"This is the closest we've ever come to playing a professional football team." -- Coach Dick Crum of North Carolina

Thursday night at Three Rivers Stadium, the University of North Carolina will face No. 1-ranked Pittsburgh and if the Tar Heels can upset the six-point favorite (9 p.m., WDVM-TV-9), they could take over the top spot in the wire service polls.

North Carolina's running sensation Kelvin Bryant, 1,085 yards and 18 touchdowns in eight games last season, is healthy again and 13 other starters are returning. But the Panthers have 18 of 22 starters back from a team that went 11-1 last season and edged Georgia, 24-20, in the Sugar Bowl.

Naturally, Carolina Coach Dick Crum, a scholarly-looking, low-keyed guy, attempts to downplay the nationally televised attraction, but admits, "This is the biggest opener I've ever been involved in."

Coaches generally prefer patsies for openers, but big bucks from CBS persuaded both schools to alter their schedules. It originally was the third game for both teams.

"We're both in the same situation," Crum said, neatly overlooking the fact that Pitt will be playing its first game under new Coach Serafino (Foge) Fazio. "It forces you to be a better team earlier. We're much better right now than we were at this time last year."

Crum's outward concern upon arriving here Tuesday was that his players would be too high emotionally, but the fact that they will have nine days to come down before taking on Vanderbilt in Chapel Hill should be comforting.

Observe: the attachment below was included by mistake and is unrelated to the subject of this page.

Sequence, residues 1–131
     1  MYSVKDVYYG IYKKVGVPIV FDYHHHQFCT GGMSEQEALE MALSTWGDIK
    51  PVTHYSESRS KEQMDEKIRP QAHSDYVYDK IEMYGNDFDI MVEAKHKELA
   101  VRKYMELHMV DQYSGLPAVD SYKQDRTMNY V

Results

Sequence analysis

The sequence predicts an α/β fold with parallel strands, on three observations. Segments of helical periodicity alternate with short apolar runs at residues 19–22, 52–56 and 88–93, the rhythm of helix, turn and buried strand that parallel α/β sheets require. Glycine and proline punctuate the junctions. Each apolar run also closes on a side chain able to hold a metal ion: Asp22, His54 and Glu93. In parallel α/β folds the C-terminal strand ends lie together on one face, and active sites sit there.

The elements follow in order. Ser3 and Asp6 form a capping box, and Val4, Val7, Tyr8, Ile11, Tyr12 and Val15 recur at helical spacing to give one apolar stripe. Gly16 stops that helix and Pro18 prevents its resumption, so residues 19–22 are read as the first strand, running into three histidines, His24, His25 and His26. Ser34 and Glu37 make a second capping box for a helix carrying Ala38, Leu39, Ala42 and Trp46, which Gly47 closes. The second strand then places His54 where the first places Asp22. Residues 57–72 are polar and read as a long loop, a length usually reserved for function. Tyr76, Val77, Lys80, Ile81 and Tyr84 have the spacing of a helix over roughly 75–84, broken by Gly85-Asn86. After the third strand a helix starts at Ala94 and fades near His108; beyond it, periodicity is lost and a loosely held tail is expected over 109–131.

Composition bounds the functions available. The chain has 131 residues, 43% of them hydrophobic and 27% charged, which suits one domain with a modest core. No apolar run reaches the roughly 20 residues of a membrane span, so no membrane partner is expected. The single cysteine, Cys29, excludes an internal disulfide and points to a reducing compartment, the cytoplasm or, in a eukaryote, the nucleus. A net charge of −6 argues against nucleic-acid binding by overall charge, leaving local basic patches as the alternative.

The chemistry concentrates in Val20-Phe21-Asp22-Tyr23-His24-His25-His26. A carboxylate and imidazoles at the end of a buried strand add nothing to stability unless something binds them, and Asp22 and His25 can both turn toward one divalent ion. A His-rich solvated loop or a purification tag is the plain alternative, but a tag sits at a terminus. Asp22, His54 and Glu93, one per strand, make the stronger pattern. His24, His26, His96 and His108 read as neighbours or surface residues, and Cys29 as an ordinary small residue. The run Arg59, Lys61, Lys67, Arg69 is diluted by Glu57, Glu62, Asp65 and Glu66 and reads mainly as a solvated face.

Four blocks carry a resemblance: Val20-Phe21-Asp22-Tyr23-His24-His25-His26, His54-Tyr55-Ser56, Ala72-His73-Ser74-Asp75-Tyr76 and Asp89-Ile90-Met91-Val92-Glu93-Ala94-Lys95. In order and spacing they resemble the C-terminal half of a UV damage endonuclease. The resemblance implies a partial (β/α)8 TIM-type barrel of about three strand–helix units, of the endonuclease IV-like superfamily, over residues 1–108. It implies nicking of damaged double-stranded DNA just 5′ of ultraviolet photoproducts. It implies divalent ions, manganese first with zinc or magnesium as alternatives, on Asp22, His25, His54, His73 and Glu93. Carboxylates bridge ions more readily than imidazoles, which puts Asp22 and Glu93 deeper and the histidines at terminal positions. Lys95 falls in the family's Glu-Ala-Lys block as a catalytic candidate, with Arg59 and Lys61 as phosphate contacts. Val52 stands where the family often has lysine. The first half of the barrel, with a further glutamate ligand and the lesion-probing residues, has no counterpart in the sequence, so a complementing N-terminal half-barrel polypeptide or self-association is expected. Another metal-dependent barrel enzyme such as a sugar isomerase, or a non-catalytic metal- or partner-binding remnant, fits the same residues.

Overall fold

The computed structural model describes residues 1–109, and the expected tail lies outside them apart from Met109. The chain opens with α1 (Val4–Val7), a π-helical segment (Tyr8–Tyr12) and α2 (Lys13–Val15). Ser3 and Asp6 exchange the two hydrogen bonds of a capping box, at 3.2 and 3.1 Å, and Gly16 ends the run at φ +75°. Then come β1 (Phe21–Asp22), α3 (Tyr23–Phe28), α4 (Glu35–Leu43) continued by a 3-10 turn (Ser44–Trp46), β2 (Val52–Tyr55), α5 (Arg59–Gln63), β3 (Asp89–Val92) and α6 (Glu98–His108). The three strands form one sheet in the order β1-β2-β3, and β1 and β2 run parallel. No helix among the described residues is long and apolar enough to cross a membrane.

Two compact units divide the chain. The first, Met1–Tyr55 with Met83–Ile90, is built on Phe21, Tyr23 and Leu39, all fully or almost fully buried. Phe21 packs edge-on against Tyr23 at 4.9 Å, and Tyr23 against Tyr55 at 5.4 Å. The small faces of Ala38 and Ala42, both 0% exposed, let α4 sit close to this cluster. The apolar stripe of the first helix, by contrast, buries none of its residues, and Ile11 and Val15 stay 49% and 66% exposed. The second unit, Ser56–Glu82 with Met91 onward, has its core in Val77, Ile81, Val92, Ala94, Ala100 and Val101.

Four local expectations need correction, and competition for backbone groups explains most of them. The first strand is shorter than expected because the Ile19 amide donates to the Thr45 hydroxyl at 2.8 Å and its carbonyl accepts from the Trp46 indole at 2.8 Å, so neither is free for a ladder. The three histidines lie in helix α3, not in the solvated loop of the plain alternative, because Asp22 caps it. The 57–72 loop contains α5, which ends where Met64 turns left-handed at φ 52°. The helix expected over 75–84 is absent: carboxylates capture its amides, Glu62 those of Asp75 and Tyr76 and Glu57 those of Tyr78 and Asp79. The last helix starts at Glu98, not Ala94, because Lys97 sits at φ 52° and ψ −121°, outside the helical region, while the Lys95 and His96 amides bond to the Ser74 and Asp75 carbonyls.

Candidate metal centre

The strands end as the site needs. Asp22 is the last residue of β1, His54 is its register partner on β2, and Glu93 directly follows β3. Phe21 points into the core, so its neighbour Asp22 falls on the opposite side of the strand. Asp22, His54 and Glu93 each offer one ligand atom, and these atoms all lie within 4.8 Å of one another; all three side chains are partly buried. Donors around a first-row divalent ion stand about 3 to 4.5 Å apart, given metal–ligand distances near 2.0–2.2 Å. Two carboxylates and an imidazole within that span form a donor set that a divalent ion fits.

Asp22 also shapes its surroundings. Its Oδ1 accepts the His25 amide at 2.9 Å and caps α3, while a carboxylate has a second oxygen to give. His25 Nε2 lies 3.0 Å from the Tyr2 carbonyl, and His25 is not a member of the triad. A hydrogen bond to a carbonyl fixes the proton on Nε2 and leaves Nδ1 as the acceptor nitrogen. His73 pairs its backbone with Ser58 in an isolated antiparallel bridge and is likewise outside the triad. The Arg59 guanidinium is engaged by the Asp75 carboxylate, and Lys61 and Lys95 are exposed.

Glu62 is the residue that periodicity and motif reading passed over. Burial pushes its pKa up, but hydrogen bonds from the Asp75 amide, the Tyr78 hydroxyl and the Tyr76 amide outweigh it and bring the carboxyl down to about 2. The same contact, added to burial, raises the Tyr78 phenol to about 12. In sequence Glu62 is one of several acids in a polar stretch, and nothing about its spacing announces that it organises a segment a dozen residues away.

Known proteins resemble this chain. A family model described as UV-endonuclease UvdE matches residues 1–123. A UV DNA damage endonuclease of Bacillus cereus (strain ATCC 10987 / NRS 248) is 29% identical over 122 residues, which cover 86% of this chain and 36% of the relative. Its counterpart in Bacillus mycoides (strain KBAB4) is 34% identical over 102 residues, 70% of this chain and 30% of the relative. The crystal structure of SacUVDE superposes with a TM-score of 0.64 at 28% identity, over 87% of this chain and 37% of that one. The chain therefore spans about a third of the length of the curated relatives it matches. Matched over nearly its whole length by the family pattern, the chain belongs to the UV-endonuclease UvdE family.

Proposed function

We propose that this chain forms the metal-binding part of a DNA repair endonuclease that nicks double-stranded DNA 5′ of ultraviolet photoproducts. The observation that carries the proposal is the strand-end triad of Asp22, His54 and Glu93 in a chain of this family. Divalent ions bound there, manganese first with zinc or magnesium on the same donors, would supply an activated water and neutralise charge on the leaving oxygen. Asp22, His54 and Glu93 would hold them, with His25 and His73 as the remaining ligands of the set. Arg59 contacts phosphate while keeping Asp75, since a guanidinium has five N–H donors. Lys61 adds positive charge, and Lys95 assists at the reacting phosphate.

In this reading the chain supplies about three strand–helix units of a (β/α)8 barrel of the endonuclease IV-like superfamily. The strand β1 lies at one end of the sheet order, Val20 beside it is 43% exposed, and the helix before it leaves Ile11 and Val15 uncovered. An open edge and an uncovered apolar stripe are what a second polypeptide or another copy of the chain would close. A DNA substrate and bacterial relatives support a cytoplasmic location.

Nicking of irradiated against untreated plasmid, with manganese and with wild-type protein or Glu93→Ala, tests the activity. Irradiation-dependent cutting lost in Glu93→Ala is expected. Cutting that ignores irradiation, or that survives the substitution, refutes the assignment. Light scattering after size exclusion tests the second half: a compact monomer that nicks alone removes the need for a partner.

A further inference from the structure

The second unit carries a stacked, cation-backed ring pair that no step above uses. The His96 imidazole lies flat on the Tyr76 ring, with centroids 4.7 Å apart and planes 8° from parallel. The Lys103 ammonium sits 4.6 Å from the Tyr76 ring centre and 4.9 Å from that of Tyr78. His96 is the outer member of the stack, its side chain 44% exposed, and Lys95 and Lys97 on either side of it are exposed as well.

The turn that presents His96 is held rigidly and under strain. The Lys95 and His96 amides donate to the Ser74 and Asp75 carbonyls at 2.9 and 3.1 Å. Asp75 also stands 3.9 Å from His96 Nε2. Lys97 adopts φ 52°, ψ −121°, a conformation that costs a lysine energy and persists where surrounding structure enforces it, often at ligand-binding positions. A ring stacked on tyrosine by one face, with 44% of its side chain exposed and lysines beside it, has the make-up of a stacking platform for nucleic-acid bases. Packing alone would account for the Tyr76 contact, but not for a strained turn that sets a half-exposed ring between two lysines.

More realistically, his biggest worry is stopping quarterback Dan Marino and a trio of outstanding receivers. Marion completed 226 of 380 passes (59.5 percent) for 2,876 yards and 37 touchdowns last season.

One reason why Marino was so successful last season was his offensive line, anchored by 279-pound all-America tackle Jimbo Covert. Marino was sacked only eight times all year. "Usually the best defense against a drop-back passer is a strong rush, but their pass protection is excellent," Crum said. " . . . We'll try to keep a good steady rush and contain the wide receivers."

In addition to trying to limit Marino's effectiveness, the Tar Heels are going to have to find a way to score against an experienced defense -- nine starters returning -- that led the nation in both rushing and total defense.

"It's not going to be a nothing-nothing game," Crum said with a chuckle. "They average four touchdowns a game. I'd hate to get into a scoring contest with them, but I guess we'll have to get at least four to win."